WIthin some years of having a low ranking among other countries when it comes to the Gross Domestic Product (GDP), the Philippines has now been tagged as a “Rising Tiger” and finally catching up to its fellow tiger countries in Asia. After finishing with a strong 6.8% economic growth, the Philippines remains as one of the fast-growing economy in Asia, leaving China with 6.7% and Vietnam with 6.2%.
Despite the typhoons in the last months of 2016, the Philippines remained among the region’s top performers but slid to the 3rd spot as Vietnam’s 6.7% overtook the Philippines for the first time in 2016. According to Bangko Sentral ng Pilipinas (BSP) Governor Amando Tetangco Jr The full-year growth of 6.8% and 4th quarter growth of 6.6% were “in line with market expectations.”
The Philippine economy, now about $292 billion, was more than twice the size of Malaysia’s and 10 times bigger than Singapore’s in 1960. A steady decline since then got it the label “the sick man of Asia” while its peers expanded rapidly. The nation’s resurgence begun with former President Benigno Aquino, who took office in 2010, raised revenue, curbed corruption and won the nation’s first-ever investment grade credit ratings.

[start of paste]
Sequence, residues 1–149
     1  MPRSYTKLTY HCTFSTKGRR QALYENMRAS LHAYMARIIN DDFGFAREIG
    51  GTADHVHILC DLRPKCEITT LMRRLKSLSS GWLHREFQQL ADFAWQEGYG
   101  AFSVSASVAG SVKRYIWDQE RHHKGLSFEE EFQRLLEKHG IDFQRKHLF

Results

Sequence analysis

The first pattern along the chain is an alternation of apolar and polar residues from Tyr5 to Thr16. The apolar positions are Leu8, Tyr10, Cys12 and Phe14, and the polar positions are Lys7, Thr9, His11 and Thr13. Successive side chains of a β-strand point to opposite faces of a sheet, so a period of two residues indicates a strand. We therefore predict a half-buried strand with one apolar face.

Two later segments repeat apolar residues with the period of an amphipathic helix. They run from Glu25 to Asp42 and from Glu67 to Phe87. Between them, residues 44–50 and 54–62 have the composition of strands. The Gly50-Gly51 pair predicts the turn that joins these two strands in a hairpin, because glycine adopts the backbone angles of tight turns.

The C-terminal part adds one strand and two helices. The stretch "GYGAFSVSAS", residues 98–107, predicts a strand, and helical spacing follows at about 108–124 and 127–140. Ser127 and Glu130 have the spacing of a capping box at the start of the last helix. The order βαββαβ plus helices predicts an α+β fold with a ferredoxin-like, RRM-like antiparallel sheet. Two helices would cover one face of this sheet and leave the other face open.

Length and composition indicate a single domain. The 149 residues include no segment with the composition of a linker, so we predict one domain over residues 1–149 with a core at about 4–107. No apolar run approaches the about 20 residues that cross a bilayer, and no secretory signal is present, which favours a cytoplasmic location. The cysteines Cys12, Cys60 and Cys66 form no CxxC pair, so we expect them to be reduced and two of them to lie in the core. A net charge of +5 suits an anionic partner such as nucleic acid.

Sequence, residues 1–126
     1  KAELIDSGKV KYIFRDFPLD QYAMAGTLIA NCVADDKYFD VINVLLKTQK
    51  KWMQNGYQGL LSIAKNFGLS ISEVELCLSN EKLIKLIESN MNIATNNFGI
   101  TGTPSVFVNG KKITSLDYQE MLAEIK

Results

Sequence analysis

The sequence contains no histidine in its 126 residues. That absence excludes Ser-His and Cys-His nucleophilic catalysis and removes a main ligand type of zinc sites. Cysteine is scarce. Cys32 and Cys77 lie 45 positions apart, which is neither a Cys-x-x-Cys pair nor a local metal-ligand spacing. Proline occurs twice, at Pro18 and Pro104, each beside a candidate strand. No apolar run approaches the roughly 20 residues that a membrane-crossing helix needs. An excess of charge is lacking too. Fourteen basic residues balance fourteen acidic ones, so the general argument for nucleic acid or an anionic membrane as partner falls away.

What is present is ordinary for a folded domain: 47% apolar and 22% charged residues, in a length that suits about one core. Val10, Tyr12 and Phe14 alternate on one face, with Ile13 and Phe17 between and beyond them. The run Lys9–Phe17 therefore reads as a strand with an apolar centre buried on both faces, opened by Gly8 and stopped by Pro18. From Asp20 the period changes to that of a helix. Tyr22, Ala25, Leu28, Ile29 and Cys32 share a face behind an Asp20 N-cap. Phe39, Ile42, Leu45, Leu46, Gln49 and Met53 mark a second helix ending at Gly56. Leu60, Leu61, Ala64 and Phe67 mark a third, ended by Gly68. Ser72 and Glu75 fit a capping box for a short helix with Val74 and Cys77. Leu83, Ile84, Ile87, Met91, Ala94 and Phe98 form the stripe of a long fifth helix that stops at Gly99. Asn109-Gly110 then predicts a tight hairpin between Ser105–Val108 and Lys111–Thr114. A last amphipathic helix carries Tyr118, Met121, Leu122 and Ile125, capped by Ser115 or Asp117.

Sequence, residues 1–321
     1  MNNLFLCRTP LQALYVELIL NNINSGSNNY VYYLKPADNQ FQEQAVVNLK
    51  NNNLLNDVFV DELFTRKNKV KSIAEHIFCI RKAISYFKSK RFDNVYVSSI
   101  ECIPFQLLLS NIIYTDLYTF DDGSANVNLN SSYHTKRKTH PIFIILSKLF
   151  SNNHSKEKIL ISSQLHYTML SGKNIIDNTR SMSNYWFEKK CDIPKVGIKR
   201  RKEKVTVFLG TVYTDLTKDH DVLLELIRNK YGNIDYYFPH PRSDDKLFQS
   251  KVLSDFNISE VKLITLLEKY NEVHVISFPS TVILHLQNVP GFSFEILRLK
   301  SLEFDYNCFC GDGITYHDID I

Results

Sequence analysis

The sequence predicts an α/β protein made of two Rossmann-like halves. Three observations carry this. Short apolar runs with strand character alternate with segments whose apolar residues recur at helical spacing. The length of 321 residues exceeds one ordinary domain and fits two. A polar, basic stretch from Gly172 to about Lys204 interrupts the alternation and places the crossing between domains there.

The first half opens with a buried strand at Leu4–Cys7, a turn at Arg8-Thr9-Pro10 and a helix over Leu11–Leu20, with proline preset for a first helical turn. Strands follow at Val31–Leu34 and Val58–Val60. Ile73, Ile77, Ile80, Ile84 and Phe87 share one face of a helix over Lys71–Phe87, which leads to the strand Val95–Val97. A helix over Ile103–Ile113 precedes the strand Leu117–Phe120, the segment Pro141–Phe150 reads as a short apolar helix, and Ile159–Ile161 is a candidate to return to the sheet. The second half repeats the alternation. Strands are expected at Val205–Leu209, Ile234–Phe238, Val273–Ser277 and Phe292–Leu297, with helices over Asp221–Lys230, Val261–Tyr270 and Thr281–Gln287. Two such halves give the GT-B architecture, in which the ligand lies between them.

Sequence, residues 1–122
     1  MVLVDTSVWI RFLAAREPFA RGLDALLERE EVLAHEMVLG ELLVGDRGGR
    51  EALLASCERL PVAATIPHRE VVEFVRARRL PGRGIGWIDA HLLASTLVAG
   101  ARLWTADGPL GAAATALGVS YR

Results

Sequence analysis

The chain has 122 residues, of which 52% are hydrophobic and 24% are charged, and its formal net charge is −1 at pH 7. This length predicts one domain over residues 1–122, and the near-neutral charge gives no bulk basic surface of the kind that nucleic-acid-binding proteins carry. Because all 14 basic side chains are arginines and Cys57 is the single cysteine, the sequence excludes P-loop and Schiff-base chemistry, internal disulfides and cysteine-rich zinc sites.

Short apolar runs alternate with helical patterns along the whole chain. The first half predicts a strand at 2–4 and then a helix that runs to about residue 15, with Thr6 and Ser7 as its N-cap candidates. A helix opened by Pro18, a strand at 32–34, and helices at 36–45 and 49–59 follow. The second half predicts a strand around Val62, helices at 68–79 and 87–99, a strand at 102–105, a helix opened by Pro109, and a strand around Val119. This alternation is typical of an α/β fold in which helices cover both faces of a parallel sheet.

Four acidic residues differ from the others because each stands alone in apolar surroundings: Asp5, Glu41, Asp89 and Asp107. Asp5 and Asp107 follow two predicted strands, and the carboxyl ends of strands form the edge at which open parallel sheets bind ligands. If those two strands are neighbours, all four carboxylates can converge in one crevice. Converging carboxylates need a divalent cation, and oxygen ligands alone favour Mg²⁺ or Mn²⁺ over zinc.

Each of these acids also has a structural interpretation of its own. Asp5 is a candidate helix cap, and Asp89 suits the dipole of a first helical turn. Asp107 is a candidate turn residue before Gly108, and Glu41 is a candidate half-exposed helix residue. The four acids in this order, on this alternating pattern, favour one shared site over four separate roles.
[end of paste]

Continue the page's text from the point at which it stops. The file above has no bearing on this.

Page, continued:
“We are seeing a transformation to a stronger, more developed economy,” said Frederic Neumann, co-head of Asian economic research at HSBC Holdings Plc in Hong Kong. “Recent administrations worked hard to ensure macroeconomic stability which serves as its anchor.”
For Bank of the Philippine Islands (BPI) associate economist Nicholas Antonio Mapa, the Philippines can expect growth to carry on its “strong trend of above 6%,” with household consumption and consumption-related investment seen to carry the load.
By the end of this decade, the Philippines can achieve upper middle-income country status with per capita income of at least $4,126, the Asian Development Bank forecasts, joining the likes of China, Malaysia and Thailand.